Operation Olive Branch apparently disturbed the United States – only second to the People's Protection Units (YPG). It was telling that U.S. President Donald Trump followed up on contradictory statements from U.S. officials at various levels by calling President Recep Tayyip Erdoğan and asking him to limit Turkey's military involvement and not risk confrontation with U.S. forces on the ground.The previous day, Foreign Minister Mevlüt Çavuşoğlu had been approached by U.S. Secretary of State Rex Tillerson with a proposed buffer zone along the border. However, Washington's failure to keep its promises to Turkey in Syria resulted in deep distrust in Ankara. For Turkish officials, statements mean absolutely nothing. All they care about is action.
For example, Erdoğan recently said that former President Barack Obama's administration had failed to keep its promises about Manbij. And Trump has continued to deliver his promise that Washington would stop arming the YPG.
Behind the recent U.S. diplomatic push lies the challenge posed by Turkey's military operation in Afrin against Washington's new Syria policy.
At a time when the U.S. made clear that it would stay in Syria and identified Iran as its primary target in the Middle East, Ankara placed future U.S. operations through its YPG proxy at risk. Turkey effectively rejected plans to include the group in the Geneva peace talks and its gradual transformation into a prominent player on the ground.
By launching a military operation into northern Syria, Turkey made clear that it did not recognize the stability that Washington aimed to promote in the country by transforming the PKK's Syrian affiliate YPG into a regular army.
In recent days, spokespeople for the U.S. government have made several arguments to limit and, if possible, reverse Operation Olive Branch such as its destabilization, potential damage to the fight against Daesh, civilian casualties, Russia's supposed efforts to drive a wedge between two NATO allies and the danger of confrontation with U.S. forces on the ground.
Needless to say, they will come up with new arguments going forward. Washington might argue that the Turkish-backed Free Syrian Army is linked to Daesh or al-Qaida. They could raise questions about the moderate opposition's support in the operation. But the Turkish public, which is committed to the fight against Daesh, al-Qaida, the PKK and YPG alike, are resilient to such smear campaigns.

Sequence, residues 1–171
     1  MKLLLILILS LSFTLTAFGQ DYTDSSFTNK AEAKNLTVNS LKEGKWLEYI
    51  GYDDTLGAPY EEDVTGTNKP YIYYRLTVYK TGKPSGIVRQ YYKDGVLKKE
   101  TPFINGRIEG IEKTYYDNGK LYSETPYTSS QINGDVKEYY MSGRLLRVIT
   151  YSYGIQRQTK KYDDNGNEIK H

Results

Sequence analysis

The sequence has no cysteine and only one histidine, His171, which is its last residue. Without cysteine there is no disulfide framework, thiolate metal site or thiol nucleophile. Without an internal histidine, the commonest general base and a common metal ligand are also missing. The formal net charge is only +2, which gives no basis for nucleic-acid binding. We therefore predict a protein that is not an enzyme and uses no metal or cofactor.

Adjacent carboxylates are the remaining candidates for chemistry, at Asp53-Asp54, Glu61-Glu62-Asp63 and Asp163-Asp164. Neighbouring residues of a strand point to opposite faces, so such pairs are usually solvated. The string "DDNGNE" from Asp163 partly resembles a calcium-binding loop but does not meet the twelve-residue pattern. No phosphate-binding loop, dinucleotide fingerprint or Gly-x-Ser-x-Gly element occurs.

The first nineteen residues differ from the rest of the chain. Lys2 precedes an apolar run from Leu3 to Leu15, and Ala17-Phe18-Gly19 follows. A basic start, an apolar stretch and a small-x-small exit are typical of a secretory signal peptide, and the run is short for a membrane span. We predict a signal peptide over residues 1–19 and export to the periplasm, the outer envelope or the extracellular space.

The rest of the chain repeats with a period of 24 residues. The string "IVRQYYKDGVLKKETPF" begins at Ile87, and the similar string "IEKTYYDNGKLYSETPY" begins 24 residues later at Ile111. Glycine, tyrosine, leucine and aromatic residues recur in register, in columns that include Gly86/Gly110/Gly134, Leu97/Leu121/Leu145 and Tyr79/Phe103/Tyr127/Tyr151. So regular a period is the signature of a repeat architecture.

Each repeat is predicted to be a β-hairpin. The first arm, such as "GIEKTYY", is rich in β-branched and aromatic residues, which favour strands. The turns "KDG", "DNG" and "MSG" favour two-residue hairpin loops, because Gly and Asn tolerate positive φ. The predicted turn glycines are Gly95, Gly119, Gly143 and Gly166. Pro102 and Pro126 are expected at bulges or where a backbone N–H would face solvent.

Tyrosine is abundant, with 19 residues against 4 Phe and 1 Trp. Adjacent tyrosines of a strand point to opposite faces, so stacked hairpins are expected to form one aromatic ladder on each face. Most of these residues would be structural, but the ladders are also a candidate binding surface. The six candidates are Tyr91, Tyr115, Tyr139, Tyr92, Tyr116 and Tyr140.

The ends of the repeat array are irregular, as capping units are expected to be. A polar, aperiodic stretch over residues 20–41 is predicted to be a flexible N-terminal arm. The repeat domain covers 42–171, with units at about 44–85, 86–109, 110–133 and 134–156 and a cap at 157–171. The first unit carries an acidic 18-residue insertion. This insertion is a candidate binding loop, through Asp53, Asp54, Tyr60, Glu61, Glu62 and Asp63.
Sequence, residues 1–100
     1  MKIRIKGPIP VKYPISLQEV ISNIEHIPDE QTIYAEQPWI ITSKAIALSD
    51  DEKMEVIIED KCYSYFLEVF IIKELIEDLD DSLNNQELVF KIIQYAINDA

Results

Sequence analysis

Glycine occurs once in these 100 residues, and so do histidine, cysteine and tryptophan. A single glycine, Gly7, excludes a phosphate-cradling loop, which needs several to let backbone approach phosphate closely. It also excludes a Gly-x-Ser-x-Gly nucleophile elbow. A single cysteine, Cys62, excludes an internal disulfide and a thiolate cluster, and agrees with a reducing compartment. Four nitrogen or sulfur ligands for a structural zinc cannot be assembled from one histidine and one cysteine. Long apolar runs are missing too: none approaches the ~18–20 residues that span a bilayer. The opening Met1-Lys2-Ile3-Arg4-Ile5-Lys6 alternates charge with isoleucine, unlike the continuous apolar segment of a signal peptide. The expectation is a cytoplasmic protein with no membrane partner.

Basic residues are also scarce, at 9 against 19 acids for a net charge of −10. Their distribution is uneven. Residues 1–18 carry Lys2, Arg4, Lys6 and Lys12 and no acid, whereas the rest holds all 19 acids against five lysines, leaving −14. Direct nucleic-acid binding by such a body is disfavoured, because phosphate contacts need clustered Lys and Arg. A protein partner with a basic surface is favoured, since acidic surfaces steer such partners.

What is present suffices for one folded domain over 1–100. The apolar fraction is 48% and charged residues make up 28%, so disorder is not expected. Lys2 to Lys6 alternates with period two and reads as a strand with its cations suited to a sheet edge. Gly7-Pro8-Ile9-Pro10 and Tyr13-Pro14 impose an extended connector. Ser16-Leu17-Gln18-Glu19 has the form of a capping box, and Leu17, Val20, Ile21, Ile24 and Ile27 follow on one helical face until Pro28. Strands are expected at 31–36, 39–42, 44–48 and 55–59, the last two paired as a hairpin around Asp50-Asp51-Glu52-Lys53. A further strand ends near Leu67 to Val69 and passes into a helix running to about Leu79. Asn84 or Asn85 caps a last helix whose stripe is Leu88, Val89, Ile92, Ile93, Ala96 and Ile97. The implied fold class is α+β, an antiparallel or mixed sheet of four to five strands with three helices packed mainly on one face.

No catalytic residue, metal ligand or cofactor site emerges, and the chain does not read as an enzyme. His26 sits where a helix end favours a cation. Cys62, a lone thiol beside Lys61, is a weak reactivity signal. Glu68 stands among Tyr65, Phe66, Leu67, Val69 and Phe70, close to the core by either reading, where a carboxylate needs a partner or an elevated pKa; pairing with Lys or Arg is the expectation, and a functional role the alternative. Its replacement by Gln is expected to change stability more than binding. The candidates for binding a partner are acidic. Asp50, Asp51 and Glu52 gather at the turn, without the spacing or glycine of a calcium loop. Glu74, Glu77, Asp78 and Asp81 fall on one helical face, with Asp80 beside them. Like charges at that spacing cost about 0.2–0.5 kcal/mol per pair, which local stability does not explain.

To be clear, the buffer zone plan, which Turkey pitched to the Obama and Trump administrations, is unlikely to come to fruition. It would be irrational for Turkey, which launched the Afrin operation as a result of ongoing cooperation with Moscow, to let Washington back into the area by enforcing a buffer zone. Offering the U.S. some room in the area, which was facilitated by Russia, would be a serious problem. The U.S. could possibly drive a wedge between Turkey and Russia. And, to be clear, the buffer zone must be considered across the entirety of the Turkish-Syrian border. Still, it is impossible for the U.S. to sell the YPG militants in a buffer zone that would be so close to the Kobani and Jazeera cantons. And a buffer zone limited to Afrin would be unacceptable for Ankara. As such, the buffer zone debate serves no purpose but to weaken the Turkish public's support for the operation and mounting pressure on Turkey in the international arena.
Washington needs to overhaul its YPG policy if it wants to actively cooperate with Turkey. The U.S. cannot convince Ankara by saying that YPG militants east of the Euphrates would not target Turkey. Moreover, it goes without saying that the YPG cannot bring stability to northern Syria.
After all, the so-called stability associated with the group rests on the severe repression of Arabs and changing demographics.
Today, more than 350,000 Syrian Kurds remain in Turkey as refugees because they are unable to return to YPG-controlled parts of the country.Genuine stability can only be brought to the area by the peace and reconstruction process facilitated by Euphrates Shield.
Even if the U.S. were to deploy a large number of troops to the Democratic Union Party- (PYD) controlled cantons, the YPG cannot ensure stability in the long run.
Unable to offer Turkey a safe zone east of the Euphrates, Washington cannot reasonably expect Ankara to outsource Turkey's border security to U.S. Central Command (CENTCOM), which is trying to transform the YPG into a regular army.
In my opinion, U.S. officials are not really worried that their troops in Manbij will be in harm's way. As the Turkish-backed Free Syrian Army gains control over Afrin, the U.S. fears it will be unable to keep YPG militants in other cantons under control. Once out of control, U.S.-trained YPG militants could stop pretending that they are not actually PKK terrorists.